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[LONDON] European Union regulators should ease capital charges on insurers to help them support the region's plan to boost growth through infrastructure projects, a senior executive at Italian insurer Generali said on Tuesday.
European Commission president Jean-Claude Juncker has presented a 300 billion euro (US$336 billion) plan to create more jobs, which requires private sector money to help fund projects.
But Alberto Minali, chief financial officer of Generali, Europe's third-biggest insurer sales, said new EU insurance capital rules from January 2016, known as Solvency II, would make it too pricey to invest in infrastructure.
"I understand Juncker but please, give us some help," Mr Minali told Reuters on the sidelines of an Economist conference.
Generali has 440 billion euros in assets, and just 5 per cent invested in infrastructure would total 20 billion euros. But the EU rules, which require insurers to set aside capital against various investments in case they turn sour, were unintentionally driving them to put money into government bonds and other traditional assets rather than the real economy, Mr Minali said.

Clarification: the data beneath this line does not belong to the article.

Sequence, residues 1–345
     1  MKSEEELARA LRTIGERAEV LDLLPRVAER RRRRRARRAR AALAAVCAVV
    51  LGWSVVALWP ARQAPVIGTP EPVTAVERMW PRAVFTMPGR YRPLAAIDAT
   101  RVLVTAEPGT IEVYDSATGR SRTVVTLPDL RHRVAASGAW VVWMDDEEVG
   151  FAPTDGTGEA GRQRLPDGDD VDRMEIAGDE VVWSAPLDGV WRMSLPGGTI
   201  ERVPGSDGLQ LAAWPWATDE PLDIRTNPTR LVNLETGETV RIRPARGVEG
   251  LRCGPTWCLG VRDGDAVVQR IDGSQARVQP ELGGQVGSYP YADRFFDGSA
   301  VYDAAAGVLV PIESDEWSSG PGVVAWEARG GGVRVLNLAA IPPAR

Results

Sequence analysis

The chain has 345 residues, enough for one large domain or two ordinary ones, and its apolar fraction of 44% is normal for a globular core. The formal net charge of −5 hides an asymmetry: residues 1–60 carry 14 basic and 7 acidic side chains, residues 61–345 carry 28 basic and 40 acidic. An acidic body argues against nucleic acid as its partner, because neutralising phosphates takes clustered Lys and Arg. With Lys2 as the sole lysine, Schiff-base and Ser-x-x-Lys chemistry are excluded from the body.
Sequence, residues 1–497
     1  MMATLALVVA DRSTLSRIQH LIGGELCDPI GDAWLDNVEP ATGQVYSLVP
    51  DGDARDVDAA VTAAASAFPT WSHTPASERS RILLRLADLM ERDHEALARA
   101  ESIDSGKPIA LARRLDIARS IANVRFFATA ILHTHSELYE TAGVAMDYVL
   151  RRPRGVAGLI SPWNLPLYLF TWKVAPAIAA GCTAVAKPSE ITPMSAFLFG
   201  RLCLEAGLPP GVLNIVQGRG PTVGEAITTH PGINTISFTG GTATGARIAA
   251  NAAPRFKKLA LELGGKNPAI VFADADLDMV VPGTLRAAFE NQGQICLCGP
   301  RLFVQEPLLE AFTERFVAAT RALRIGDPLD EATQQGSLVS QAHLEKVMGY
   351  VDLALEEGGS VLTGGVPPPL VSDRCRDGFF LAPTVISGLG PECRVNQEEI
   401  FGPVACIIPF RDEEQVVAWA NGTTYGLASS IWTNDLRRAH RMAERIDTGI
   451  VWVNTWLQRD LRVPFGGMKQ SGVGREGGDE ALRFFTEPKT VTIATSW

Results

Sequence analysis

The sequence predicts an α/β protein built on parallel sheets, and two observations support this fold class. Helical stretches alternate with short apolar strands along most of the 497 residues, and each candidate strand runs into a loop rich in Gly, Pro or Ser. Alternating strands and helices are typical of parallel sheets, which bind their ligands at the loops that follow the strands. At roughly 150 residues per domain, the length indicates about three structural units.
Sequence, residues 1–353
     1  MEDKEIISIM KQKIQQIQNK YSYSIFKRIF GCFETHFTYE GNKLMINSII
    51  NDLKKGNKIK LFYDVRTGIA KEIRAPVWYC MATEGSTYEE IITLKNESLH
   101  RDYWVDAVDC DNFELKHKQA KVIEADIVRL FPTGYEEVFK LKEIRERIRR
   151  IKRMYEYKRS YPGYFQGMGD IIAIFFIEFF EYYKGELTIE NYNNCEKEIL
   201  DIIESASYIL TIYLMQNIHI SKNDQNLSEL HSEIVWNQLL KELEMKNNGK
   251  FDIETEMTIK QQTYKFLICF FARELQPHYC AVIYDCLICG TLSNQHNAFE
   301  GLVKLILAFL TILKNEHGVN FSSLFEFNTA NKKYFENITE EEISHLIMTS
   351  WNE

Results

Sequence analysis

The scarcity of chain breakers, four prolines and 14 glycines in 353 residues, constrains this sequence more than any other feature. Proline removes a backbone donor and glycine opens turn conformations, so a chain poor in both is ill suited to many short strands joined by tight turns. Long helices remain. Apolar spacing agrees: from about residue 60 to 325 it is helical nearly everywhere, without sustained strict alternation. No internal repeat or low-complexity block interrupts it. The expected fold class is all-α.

"With the current Solvency II framework, it is not possible to allocate enough capital to support such investment," he said."I would say to reduce the capital charge on other asset classes, for example private equity."
Justin Excell, head of asset management at Swiss Re, also told the conference that capital charges were"way too high" to sensibly invest in infrastructure.
Nor was it a tradable asset class, Mr Excell said.
However, Carlos Montalvo, executive director of the EU's European Insurance and Occupational Pensions Authority, said Solvency II was not the main obstacle to infrastructure investment, despite some imperfections.
"The problem here is that the risk reward that you are getting is probably not the one you should be getting," Mr Montalvo said.
Mr Minali also urged regulators to delay plans for the first global capital standard for insurers from 2019, work on which overlaps with the roll out of Solvency II.
"Give us a break, one moment. Let's see the first round, second round of Solvency II, how the capital position of the group takes shape and then we can perhaps work on another standard," he told Reuters. "It's like climbing to the top of the mountain and there is another one there. Let's wait and let's take in the landscape for a bit."